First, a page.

This paper provides an overview of evidence-based educational interventions (EBEIs) and associated practices in school psychology. The profession has, for some time, embraced scientific principles and procedures across areas of professional practice, including diagnosis and classification, assessment, prevention and intervention, consultation, and research and program evaluation. More recently, the profession has embraced evidence-based prevention and intervention practices, intending to implement them in schools. However, doing so requires addressing multiple scientific and practice agendas, including preservice and in-service professional development, systemic school change to promote prevention and intervention program implementation, comprehensive models of mental health and educational services, and the sustainability of evidence-based practices.
Five issues need to be addressed for significant progress to occur in the evidence-based practice movement: (a) practice-research networks should be developed in school psychology; (b) intervention research methodology must be expanded to take into account practice contexts of EBEI implementation; (c) practice guidelines could be developed to facilitate implementation of EBEIs in practice settings; (d) professional development opportunities must be created for practitioners, graduate faculty, and researchers; and (e) collaborative partnerships must occur across the diverse groups involved in the EBEI movement, especially those involved in generating the scientific database of EBEIs.
Consideration of the scientific basis of school psychology interventions and practices is important because schools are the largest provider of child mental health services. Furthermore, growing evidence shows a reciprocal relationship between academic problems and disabilities and mental health problems. Thus, a scientific basis for school psychology prevention, intervention, and related practices seems essential to the promotion of students’ academic success and mental health.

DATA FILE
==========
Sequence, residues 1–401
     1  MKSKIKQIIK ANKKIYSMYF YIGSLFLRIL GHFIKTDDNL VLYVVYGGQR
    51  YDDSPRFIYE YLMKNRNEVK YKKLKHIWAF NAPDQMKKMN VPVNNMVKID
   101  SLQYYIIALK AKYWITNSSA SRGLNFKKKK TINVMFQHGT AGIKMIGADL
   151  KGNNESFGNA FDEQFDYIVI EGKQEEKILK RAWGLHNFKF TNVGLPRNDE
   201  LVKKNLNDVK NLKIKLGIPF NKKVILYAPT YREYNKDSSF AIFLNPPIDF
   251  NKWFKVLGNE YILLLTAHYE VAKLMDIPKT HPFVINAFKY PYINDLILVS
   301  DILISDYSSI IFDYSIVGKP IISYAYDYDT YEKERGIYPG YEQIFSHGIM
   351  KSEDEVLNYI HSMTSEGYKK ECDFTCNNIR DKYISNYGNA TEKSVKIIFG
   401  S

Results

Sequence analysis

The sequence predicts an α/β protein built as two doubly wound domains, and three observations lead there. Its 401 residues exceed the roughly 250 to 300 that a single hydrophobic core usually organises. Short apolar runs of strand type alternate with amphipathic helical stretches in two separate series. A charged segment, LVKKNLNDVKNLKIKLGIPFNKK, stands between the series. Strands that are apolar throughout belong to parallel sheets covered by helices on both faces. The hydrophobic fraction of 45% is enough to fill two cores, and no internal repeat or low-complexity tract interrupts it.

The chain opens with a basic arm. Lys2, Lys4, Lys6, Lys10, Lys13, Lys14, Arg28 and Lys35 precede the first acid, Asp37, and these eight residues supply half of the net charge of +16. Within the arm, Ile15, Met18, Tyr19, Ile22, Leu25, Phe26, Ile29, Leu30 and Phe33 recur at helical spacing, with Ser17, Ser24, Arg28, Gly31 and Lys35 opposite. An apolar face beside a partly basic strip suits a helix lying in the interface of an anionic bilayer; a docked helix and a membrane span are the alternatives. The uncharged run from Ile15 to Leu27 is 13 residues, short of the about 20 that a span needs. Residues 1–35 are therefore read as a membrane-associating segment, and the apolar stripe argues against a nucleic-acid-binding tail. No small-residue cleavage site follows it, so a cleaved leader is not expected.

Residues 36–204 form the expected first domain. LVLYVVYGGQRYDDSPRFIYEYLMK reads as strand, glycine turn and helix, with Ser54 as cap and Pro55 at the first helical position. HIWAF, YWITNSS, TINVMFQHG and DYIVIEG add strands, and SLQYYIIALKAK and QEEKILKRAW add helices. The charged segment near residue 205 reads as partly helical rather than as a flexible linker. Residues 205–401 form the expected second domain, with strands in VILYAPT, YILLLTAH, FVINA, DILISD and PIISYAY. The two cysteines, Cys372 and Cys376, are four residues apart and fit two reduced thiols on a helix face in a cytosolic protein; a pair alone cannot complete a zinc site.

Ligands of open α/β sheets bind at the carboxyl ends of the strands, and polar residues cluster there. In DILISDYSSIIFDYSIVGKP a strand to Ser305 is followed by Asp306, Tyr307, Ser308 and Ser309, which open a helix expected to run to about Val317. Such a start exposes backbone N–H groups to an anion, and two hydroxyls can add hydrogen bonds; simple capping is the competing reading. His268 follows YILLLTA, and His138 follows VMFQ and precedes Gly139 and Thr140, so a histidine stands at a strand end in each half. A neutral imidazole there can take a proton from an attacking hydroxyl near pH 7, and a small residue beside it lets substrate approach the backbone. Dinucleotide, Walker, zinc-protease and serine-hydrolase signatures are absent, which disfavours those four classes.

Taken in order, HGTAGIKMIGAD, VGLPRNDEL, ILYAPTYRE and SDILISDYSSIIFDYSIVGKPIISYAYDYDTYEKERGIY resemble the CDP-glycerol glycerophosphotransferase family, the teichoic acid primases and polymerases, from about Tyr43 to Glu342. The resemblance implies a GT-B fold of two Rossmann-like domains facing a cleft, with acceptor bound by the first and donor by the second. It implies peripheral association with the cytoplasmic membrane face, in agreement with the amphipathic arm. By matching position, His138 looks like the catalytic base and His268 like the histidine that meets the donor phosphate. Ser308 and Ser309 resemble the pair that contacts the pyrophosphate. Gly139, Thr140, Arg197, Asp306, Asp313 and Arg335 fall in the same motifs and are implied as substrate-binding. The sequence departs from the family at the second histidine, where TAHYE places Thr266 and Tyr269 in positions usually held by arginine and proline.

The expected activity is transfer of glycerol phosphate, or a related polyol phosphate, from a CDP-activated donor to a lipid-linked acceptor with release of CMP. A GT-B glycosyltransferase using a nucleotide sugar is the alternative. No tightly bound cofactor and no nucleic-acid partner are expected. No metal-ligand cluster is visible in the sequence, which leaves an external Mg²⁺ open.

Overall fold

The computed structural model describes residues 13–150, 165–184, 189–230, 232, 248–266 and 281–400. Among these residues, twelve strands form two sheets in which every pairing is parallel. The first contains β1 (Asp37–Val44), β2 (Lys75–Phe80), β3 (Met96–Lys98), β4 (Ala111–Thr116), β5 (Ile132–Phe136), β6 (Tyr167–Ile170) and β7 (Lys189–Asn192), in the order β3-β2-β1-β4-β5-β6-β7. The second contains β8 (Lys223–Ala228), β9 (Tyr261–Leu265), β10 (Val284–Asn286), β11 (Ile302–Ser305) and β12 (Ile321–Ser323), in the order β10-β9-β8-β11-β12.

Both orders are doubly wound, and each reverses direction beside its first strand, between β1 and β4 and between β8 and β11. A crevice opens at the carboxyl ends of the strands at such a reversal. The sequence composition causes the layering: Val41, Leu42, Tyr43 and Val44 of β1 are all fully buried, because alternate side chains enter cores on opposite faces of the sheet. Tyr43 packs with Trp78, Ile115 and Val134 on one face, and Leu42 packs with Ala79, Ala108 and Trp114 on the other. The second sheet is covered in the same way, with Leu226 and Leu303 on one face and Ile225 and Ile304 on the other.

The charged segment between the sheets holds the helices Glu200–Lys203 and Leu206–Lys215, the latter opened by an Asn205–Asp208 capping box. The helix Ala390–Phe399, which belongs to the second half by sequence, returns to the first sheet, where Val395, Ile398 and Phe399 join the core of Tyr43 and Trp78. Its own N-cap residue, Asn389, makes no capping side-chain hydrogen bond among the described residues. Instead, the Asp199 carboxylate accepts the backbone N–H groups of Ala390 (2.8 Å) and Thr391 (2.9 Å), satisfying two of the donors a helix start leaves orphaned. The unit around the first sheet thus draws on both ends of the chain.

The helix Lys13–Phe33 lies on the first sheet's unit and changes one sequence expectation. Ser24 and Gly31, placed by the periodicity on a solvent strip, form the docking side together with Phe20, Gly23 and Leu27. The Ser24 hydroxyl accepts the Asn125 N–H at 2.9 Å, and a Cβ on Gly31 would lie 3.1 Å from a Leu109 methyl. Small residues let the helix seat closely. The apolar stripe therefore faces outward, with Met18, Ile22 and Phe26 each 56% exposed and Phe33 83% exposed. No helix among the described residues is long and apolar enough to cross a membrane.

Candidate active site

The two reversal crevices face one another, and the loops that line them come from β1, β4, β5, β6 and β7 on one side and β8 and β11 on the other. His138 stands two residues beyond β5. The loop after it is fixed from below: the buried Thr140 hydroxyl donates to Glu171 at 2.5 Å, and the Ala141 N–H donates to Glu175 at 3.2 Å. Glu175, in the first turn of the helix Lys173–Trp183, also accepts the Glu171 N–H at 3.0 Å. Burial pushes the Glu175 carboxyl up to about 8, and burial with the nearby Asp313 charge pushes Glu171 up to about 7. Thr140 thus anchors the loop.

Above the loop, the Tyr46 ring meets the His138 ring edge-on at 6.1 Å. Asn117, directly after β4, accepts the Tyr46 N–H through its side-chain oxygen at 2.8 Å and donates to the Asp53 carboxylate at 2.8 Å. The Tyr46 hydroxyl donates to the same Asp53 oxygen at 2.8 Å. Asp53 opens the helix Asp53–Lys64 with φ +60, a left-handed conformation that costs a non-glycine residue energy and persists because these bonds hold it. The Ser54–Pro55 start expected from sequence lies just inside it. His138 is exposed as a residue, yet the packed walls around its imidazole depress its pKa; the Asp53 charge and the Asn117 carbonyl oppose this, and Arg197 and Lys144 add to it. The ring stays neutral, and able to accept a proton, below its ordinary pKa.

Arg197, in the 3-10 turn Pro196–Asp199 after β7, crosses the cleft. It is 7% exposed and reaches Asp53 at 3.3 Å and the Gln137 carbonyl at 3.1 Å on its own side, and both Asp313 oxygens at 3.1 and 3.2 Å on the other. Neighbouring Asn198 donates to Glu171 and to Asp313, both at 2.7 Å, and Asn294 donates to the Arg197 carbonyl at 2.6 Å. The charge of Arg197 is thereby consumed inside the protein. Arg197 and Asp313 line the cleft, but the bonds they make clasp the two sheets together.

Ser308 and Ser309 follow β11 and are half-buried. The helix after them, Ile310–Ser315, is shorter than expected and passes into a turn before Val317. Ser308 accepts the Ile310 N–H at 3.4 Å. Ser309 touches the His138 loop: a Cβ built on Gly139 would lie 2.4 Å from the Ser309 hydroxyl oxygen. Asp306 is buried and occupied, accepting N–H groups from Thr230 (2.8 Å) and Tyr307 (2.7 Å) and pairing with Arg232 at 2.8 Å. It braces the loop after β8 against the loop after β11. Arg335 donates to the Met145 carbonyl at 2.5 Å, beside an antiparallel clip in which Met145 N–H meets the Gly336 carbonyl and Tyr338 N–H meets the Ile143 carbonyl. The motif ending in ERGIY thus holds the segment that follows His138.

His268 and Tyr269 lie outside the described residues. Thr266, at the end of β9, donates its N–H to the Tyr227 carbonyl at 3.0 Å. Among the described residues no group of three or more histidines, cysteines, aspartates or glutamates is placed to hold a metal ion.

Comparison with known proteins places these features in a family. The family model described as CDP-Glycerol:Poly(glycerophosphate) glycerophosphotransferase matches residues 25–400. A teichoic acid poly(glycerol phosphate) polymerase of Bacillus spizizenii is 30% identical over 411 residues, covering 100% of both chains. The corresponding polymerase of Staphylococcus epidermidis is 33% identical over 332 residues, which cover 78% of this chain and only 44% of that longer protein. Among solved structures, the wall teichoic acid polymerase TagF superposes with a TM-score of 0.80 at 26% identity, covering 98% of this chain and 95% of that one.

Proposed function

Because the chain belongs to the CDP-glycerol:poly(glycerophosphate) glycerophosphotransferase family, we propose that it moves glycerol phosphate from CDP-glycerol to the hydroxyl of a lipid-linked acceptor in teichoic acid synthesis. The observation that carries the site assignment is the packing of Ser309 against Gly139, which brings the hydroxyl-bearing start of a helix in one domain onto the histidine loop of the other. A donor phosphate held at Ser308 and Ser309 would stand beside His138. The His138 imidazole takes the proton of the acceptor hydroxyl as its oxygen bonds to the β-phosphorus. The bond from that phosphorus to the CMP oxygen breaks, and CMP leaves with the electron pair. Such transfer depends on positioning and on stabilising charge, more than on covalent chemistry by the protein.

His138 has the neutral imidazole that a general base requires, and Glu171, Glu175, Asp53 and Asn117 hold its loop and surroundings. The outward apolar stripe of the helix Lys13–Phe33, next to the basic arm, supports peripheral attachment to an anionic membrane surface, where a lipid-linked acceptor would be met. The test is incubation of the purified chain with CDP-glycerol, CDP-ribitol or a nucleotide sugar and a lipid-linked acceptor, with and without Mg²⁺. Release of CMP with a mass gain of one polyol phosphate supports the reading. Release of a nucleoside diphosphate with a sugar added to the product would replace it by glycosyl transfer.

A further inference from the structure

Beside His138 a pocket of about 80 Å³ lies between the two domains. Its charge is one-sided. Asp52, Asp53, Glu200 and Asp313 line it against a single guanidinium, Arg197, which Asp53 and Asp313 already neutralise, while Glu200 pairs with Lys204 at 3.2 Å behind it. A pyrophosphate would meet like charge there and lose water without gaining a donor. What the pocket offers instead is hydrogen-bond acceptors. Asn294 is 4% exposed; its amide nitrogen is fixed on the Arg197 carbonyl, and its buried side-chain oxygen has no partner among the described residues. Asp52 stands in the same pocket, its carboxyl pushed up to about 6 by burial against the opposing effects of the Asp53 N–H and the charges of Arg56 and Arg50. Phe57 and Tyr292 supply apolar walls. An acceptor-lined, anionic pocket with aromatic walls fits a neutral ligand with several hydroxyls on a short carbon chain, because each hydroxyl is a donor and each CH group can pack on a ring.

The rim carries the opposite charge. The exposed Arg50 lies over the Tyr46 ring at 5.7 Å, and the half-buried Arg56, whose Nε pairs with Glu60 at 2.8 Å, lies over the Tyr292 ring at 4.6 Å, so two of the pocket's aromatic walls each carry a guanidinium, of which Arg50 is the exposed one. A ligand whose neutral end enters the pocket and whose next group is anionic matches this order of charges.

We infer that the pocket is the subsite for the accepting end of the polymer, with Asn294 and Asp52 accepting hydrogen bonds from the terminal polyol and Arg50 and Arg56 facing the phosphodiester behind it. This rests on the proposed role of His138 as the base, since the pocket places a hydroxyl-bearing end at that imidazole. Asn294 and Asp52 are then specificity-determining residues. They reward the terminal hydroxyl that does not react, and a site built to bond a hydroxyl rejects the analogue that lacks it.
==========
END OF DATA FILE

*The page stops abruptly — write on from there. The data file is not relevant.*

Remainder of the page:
Following developments in evidence-based medicine, clinical psychologists developed a task force to review “empirically validated” treatments for child and adult mental health problems.
The scientific foundation of school psychology can be evaluated by examining practices in both graduate training programs and the practice of psychology in schools.
We surveyed graduate programs in school psychology to determine what they are teaching about EBEIs, to investigate their integration of EBEI training, and to understand any barriers to such training. Results of survey indicated:
– A relatively low percentage of school psychology graduate training directors were familiar with the EBEIs included in the survey. When averaging across all interventions listed, 29% of directors reported being “not familiar,” 30% reported being “somewhat familiar,” and 41% reported being “familiar” with the EBEIs.